A masked shooter wearing combat gear and armed with an "assault-style rifle" who opened fire Monday morning on a federal courthouse in downtown Dallas was shot dead by authorities — his shooting spree ended before anyone else was injured.
The incident took place outside the Earle Cabell Federal Building in downtown Dallas, a federal courthouse that houses over 300 employees, including from the U.S. attorney's office, U.S. Marshals Services, and a passport office. Tom Fox, a photographer with The Dallas Morning News, saw the shooter open fire on the courthouse.
"Fox said [the shooter] fired from the parking lot across the street toward him, another man, a security guard and a woman who was walking a golden retriever," Dallas Morning News reports. "The windows in a revolving door and two side doors at one entrance were broken. It was unclear whether [the shooter] or law-enforcement personnel had shot the door."
The shooter, who was wearing a mask, parked at a nearby intersection and appeared to run into the street to pick something up, said Fox. The shooter then began to open fire on the courthouse, cracking the glass door and sending bullets ricocheting off the building.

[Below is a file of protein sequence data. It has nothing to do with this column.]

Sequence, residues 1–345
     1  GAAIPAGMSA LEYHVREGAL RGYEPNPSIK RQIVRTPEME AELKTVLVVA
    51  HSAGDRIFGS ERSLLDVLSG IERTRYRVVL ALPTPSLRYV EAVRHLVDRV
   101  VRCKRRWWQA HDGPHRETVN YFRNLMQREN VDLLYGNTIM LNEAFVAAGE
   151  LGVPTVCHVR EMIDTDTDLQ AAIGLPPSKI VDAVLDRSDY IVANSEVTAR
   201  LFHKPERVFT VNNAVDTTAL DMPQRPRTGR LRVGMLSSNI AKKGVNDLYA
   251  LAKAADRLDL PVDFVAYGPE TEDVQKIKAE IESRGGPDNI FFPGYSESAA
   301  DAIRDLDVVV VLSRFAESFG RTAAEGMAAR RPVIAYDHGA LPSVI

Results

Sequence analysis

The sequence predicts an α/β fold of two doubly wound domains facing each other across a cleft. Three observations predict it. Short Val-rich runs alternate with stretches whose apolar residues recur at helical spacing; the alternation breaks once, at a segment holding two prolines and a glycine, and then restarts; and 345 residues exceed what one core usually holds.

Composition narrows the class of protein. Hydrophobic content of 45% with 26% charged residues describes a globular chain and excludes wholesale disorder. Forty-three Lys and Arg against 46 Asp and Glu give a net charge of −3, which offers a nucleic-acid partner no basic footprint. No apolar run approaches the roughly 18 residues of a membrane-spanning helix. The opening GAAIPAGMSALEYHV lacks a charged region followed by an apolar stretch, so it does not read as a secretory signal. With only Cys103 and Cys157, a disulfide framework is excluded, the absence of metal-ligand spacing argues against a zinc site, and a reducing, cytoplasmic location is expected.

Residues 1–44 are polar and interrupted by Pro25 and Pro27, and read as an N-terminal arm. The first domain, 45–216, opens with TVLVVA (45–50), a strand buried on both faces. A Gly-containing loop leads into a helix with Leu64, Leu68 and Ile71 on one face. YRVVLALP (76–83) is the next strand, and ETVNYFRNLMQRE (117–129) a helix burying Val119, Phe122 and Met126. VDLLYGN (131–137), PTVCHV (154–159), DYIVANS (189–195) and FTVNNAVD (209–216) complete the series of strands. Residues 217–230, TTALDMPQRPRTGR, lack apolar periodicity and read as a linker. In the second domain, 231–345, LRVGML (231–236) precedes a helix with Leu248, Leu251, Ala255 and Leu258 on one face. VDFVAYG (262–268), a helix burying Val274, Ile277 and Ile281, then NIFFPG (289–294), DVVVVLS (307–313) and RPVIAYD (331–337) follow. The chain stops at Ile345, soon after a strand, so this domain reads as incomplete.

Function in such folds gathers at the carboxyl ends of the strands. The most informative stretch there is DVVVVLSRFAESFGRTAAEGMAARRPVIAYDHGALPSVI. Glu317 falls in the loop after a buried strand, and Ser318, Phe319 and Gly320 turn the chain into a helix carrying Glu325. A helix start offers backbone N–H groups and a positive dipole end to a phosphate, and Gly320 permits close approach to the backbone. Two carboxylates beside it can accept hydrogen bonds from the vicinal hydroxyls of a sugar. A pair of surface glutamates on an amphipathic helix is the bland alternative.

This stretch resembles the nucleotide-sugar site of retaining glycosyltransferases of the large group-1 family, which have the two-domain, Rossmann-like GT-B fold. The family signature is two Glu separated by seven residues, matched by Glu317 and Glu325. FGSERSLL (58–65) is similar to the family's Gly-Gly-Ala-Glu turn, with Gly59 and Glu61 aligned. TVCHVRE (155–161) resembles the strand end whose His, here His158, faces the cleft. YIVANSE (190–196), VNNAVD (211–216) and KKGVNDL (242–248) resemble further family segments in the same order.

The FBI revealed Monday that the suspect was a 22-year-old man who was discharged from the U.S. Army in 2017 and has not been the subject of any previous federal investigation (his name is here withheld per Daily Wire policy). Neither FBI Special Agent Matthew DeSarno nor Northern District of Texas U.S. Attorney Erin Nealy Cox provided any speculation on a motive.
Federal investigators are currently looking into the shooter's social media activity as part of their attempt to discover a motive, DeSarno said. "We are aggressively pursuing all his social media activity," said the agent.
CBS DFW has since reported details on the shooter's Facebook posts, including images of Civil War uniforms, "rants about the U.S. government — including talking about Ruby Ridge and the Branch Davidians," and images of ammo he had purchased. In one video he posted just a week before the shooting, he said, "I don’t know how much longer I have … the storm is coming … let’s do it," at which point he held up one of his guns.
The Dallas Morning News reports that police detonated a "suspicious device" found in the shooter's 2003 Nissan Altima that he had driven to the scene. "The blast was strong enough to shake sapling trees blocks away," the paper reports.
The incident prompted a shutdown of several buildings in the area as scores of law enforcement officials converged on the scene as part of the extensive response.